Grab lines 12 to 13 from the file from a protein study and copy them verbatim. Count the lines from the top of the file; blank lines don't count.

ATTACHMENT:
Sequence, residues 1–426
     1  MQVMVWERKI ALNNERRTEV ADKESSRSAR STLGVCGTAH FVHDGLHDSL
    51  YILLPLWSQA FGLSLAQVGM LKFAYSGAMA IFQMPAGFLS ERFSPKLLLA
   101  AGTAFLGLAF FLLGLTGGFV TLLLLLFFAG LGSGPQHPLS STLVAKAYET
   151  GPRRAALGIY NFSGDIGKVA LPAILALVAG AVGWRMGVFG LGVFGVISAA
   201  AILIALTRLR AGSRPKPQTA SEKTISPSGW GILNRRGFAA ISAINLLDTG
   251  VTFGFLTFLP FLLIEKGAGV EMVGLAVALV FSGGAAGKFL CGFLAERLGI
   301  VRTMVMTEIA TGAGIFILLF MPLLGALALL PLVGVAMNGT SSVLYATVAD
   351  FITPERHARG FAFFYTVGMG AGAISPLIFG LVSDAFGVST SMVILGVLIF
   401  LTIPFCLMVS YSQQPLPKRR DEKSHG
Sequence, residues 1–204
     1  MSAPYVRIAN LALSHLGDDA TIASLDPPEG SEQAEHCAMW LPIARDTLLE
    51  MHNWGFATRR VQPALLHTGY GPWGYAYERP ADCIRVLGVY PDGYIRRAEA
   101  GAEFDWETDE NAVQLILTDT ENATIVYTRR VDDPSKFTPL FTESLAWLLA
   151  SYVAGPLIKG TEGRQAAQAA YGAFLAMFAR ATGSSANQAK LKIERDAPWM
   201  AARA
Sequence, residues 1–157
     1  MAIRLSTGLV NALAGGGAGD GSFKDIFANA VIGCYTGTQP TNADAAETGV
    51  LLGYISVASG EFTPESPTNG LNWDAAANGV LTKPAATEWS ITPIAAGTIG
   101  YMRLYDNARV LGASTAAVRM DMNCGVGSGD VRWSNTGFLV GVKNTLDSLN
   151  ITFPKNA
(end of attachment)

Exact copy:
     1  MSAPYVRIAN LALSHLGDDA TIASLDPPEG SEQAEHCAMW LPIARDTLLE
    51  MHNWGFATRR VQPALLHTGY GPWGYAYERP ADCIRVLGVY PDGYIRRAEA